10 of the worst supercars ever built
Weber Faster One (2008)
This Swiss monstrosity promises 9002hp and a top speed in excess of 420km/h. Just two problems: no one’s ever actually driven one, and it looks like a nightmarish Tim Burton interpretation of a BMW Z4. The horror!
DeLorean DMC-12 (1981)
Looked like a supercar, went like a lumbering old Metro. With a 130hp Peugeot V6 instead of the optional flux capacitor, the DMC-12 was woefully slow: catalytic converted models took 10secs to crack 95km/h. And couldn’t fly.
(Click HERE to read about the time the DMC-12 met a MP4-12C)
Vector M12 (1995)
Denounced by one J Clarkson as “the worst car in the entire world”, the M12 was a rebodied Diablo with the sophistication of a mastodon and the build quality of a Glastonbury tent. Made the Lambo look like a sensible, reliable choice.
Caparo T1 (2007)
Billed as an ‘F1 Car For The Road’, the 575bhp Caparo can do 0-160km/h in five seconds flat. Problem is, most of the time it won’t, preferring to be broken or substantially on fire. Or both. Scorching performance at its worst.
Panther 6 (1977)
Inspired by the Tyrrell P34 (the F1 car that Jody Scheckter called ‘a piece of junk’) the Panther had an 8.2-litre twin-turbo V8 and a claimed top speed in excess of 320km/h, a claim never substantiated. Difficult to understand why.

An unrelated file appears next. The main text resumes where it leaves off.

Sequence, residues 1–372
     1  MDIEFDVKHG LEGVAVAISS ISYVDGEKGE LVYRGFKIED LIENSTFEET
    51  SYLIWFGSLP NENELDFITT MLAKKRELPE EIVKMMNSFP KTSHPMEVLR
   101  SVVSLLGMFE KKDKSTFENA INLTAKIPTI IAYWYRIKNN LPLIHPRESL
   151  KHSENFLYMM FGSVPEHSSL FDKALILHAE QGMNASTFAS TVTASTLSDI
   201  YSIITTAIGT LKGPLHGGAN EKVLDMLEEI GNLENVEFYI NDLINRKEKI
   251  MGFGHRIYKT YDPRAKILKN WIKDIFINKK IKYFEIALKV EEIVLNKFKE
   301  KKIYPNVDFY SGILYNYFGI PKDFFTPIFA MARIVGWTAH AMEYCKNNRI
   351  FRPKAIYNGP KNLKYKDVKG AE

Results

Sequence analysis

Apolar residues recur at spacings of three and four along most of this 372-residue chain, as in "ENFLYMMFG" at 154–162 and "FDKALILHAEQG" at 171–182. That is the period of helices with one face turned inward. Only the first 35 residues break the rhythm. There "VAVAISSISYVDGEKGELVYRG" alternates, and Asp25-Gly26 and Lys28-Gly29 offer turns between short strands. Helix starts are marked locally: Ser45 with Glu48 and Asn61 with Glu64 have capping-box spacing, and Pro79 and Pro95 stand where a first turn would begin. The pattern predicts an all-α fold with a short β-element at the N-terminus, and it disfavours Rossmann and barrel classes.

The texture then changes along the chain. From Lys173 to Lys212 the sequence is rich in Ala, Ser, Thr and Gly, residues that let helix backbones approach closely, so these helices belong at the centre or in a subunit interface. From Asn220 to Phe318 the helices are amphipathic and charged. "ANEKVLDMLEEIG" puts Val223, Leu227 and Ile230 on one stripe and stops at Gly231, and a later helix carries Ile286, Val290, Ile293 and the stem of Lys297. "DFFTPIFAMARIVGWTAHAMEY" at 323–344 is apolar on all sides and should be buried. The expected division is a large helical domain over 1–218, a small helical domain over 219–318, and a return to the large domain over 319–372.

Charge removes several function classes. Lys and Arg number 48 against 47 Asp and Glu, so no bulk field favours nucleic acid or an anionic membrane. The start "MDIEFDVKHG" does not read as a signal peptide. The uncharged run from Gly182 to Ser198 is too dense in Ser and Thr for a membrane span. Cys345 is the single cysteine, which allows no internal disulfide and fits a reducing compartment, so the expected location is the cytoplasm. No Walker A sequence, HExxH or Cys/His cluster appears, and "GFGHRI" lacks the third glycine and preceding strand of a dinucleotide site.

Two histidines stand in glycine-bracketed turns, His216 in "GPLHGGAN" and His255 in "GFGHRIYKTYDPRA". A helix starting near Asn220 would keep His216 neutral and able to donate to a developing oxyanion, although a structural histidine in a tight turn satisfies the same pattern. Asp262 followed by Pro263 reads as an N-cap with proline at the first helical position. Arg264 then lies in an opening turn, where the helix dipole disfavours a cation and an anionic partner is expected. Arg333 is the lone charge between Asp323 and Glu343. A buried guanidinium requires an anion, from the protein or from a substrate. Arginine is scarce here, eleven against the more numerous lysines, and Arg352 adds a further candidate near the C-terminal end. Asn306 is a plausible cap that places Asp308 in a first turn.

Ferrari 400 (1976)
Not to be confused with the 400 Superamerica of the 1950s (which was ace), the 400 was a bog-awful pretend GT and the first Ferrari with an auto’ box. Designed to woo lazy Americans, it never went on sale in the States. Oops.
Aston Martin Virage (1989)
Conceived in the booming mid-80s but released in the depression of the early 1990s, the Virage was average to drive, shoddily built and, despite costing that much, had headlights borrowed from an Audi 200.
Mitsuoka Orochi (2005)
Inspired by the Honda NSX but nowhere near as fast, attractive or acceptable, the 230bhp Orochi resembles an aroused bottom feeder trying to suppress wind.
Lamborghini Jalpa (1981)
Not an awful car in its own right, but suffered from its billing as the useable, affordable alternative to the Countach. That’s like trying to make a living as a friendly, vegetarian mako shark. Or a prudish porn star. Or Nickelback
Jaguar XJ220 (1992)
This 350km/h monster was the world’s fastest in its day, but the XJ220 could have been so much more. Customers put down deposits for a 4WD V12 hypercar. They ended up with a RWD V6. Safe to say, some were a bit peeved about this.